DeMarcus Van Dyke was also drafted by the Oakland Raiders, in the third round of the 2011 draft. That draft was owner/GM Davis’s last, as he passed away that October (the draft traditionally takes place in late April). Van Dyke did not see much playing time with Oakland and was released in 2012, when he caught on with the Pittsburg Steelers, who waived him after he suffered a hamstring injury.
Jacoby Ford, a super-speedy wide receiver, ran a 4.28 40-yard dash and was drafted by — stop me if this is getting familiar — the Oakland Raiders with a more reasonable 101st pick. Ford was even faster than Heyward-Bey (the unofficial gold standard for “Al Davis will draft anyone who was faster than anyone else”), posting his 40-yard dash time in 2010. He played with the team for four seasons, until the franchise did not offer him a new contract in 2014. Ford is currently playing with the Titans, and you can see footage of his 40-yard dash above.
4. Marquise Goodwin, WR (2013) – 4.27 seconds
That’s correct: The third-fastest NFL 40-yard dash came as recently as 2013. Marquise Goodwin, a multi-sport athlete at Texas, put down a scorching 4.27 time at the 2013 NFL combine. The wide receiver, who played in 12 games last year, including one start, tallied a grand total of 17 receptions. He was able to make them count, though, as Goodwin averaged 16.6 yards per catch on his way to three touchdowns.
Unfortunately, Goodwin’s rookie season didn’t do much to help the Bills, as they finished 6-10 and missed the playoffs for the 14th consecutive season. The next year was better, though, and Goodwin and the rest of the roster will look to grow together with Buffalo in the future.
3. Dri Archer, RB (2014) — 4.26 seconds
That’s also correct: History was almost made at the 2014 NFL Draft Combine, as Dri Archer came very, very close to breaking the combine record, which we’ll get to shortly. A running back out of Kent State, Archer wasn’t a highly touted prospect before his combine showing, which definitely opened some eyes.
After all, a 4.26 40-yard dash is fast. Real fast. Archer was eventually drafted by the Pittsburgh Steelers in the third round of the 2014 NFL Draft and was a relative nonentity during his rookie season, reflecting on his mixed-bag scouting reports before the draft.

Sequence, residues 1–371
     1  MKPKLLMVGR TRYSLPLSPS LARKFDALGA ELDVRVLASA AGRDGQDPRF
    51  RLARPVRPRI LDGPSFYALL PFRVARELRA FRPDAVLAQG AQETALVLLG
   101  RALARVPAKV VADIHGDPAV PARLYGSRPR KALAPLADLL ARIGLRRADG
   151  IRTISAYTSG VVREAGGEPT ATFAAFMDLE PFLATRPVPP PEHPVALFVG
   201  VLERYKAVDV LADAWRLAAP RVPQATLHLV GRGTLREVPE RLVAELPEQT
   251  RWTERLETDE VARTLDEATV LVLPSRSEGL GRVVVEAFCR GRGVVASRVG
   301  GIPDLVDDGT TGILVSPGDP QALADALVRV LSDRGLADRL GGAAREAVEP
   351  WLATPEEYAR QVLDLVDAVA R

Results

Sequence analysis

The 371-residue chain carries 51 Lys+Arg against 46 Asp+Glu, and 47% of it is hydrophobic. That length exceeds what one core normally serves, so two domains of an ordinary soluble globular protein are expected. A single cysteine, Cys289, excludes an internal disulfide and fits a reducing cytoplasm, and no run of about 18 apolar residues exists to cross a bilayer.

“Outstanding burst, acceleration and top-end speed to take the corner and create big plays,” said NFL.com’s scouting report. ”Extremely strong pound-for-pound.” So far, so good. Sounds like a good prospect. But then: “Very short and rail thin with no strength or running power. Not a tackle-breaker and goes down easy on contact,” the report continues. “Limited inside runner. Can be knocked off routes easily and struggles catching on contact.”
2. Chris Johnson, RB (2008) – 4.24 seconds
The (second) fastest electronically clocked player in NFL combine history, Chris Johnson, nicknamed CJ2K after his 2,000-yard rushing campaign in 2009 — and later, after his return to earth, sarcastically referred to as CJ2YPC at two yards per carry — may have been the fastest player in the NFL.
After struggling to live up to his incredible 2009 season, Johnson, who has struggled behind a sometimes porous offensive line, managed to rack up 1,077 yards in 2013. CJ2K, who had never run for fewer than 1,000 yards until his seventh year in the league, was drafted in the first round by the Tennessee Titans (higher than he was projected to go before the combine).
Johnson has run the season-highest single gain in two NFL seasons, running for 91 yards in 2009 and 94 yards in 2012, and until 2015 he had never missed more than one game in his NFL career. You can check out his record-setting 40-yard dash above.
1. John Ross, WR (2017) – 4.22 Seconds
Chris Johnson held the 40-yard dash record, for almost a decade, but during the 2017 NFL Combine, University of Washington receiver John Ross blew everyone out of the water and set a new record of 4.22 seconds. Check out the video above, and realize that Ross was unofficially clocked at 4.18 — which would put him within a respectable distance of Bo Jackson’s legendary (and unofficial) 4.13.
Beyond his blazing speed: (Walter Football has him listed as “extremely fast” in their scouting report because,yeah, he’s very very fast) Ross grades out about as well as any average-sized wideout could hope for, and he could potentially be the wide receiver to be picked in the 2017 NFL Draft.